Lesson from Lockdown-lite – looking to a brighter future. Well, we’ve been enduring the Covid crisis for eight months. On virtually every networking Zoom call I attend, there is someone complaining, wishing it could be over and we could all go back to normal.
I bite my tongue.
If I were to challenge them on their complaint, it probably wouldn’t end well. The reason? Simple – I hope fervently that we never, ever go back to what we all considered “normal”. That “normal” saw greed, exploitation of people and natural resources, hate, fear and a fundamental lack of generosity of spirit, become the norm in workplaces and, sadly, in some homes. That goes for many places, across the Economic North.
And this is where my Misanthropic Maverick has the opportunity to show an unusual bright side! I revel in working with people who are not just “putting up and shutting up”, but actually working to make things different, when Covid-19 is finally defeated.
As I write this, different parts of the UK are facing varying degrees of lockdown, from minimalist (The Rule of Six for social interaction, and masks-on in shops) to the absolute in whole regions, with venturing outside for all but the most essential of domestic requisites actively frowned-upon in Ministerial speeches. So there are already a lot of people out there, compelled to keep doing things differently. And repetition of behaviours leads to habits.
Here’s hoping that is the case.
A recent poll carried out by a national newspaper in the UK suggested that over 60% of people would be doing things differently “after Covid” – driving less, consuming less, enjoying nature more. It would be great if this became a “new normal” for us all, leading to healthier lifestyles, more sustainable business practices – and perhaps even a better-late-than-never appreciation of the importance of the natural world.
Some of my business contacts are working on increasing the sustainability of everyday things, like lighting your office or your home, or your office printer’s inks, or how you wash your laundry.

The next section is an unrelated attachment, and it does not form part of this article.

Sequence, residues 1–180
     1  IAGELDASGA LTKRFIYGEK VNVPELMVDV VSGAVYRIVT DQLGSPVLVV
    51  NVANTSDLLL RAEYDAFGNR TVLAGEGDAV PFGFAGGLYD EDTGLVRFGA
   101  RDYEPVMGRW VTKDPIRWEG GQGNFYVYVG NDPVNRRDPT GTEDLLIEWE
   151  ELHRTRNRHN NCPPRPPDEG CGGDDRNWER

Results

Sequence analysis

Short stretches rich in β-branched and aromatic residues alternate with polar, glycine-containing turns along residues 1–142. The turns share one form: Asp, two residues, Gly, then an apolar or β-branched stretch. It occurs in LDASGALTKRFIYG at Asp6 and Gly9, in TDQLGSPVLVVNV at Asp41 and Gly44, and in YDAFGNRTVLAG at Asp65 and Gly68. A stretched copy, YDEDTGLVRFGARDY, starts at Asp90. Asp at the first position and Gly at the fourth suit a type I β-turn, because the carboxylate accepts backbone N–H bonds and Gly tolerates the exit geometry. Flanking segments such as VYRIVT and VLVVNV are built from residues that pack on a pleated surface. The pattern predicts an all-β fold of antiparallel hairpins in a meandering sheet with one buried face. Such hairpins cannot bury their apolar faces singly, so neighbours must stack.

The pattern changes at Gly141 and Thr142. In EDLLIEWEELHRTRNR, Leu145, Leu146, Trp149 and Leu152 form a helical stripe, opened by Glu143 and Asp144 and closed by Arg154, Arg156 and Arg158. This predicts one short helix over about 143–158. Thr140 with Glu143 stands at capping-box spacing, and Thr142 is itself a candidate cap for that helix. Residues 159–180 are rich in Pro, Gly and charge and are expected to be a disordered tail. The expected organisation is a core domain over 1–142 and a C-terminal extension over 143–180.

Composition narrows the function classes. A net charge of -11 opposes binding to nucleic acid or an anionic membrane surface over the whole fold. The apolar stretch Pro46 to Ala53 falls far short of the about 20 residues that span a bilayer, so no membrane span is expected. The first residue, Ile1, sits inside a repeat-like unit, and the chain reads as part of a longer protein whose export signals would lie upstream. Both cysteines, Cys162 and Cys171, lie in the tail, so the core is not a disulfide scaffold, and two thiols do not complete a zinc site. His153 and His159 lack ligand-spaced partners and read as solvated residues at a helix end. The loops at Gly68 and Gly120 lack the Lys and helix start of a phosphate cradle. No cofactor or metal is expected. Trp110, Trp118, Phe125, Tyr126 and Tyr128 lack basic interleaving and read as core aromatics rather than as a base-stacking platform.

And this gives me great hope.
There has even been a share launch in one contact’s green transport company – if ever there was a vote for the future, that was it, in my view.
Lesson from Lockdown-lite … So many bright ideas, with their energy harnessed into practical gains, which will be easier for the majority to afford and use. Sustainability is necessarily moving away from being the preserve of the affluent middle classes, thinking they are doing a grand job by converting their fuel-hungry 4×4 to biodiesel or recycled oil (I once had a client whose Range Rover left a disconcerting smell of the local chippy behind as he drove off).
Sustainability is moving into the mainstream, with more and more “green” products appearing on supermarket shelves (and supermarkets for all budgets). And that gladdens not only my green heart, but my Maverick soul. I celebrate those marvellously wilfully independent  minds of entrepreneurs and inventors brave enough and passionate enough to truly believe in the better world “after Covid”.
Covid has been a grim way to focus people’s attention on the urgency with which they need to become more sustainable. The important angle, as I see it, is that the lovely Mavericks bringing all these new ways to reduce consumption, to market, are moving into the mainstream.
Their ideas are becoming normalised, even expected.
They are introducing products to a welcoming market. Covid has focused people’s attention on living healthier, for longer, and on lessening your impact on others. There are always exceptions, but the mainstream is now looking for new ways to do more with less, and for less (the economic impact of Covid will cast a long shadow).
Occasionally, I have the happy chance to be joyful as a Misanthropic Maverick. I am able to keep remote from people, eschewing the chance for a distanced netwalk (!) in favour of good old Zoom. And when I network online and can meet up with people passionate about creating a better world, wanting to help more people to help themselves, looking after the environment rather than exploiting it, it is a joyful experience.
And without fuel miles. Bonus! Lesson from Lockdown-lite?
Maybe lockdown-lite has taught this misanthrope that it’s worth keeping faith with human nature. “They’re” not all bad, after all. In fact, some are downright wonderful.
 Wilfully independent – definition of a maverick. Judith Germain 2005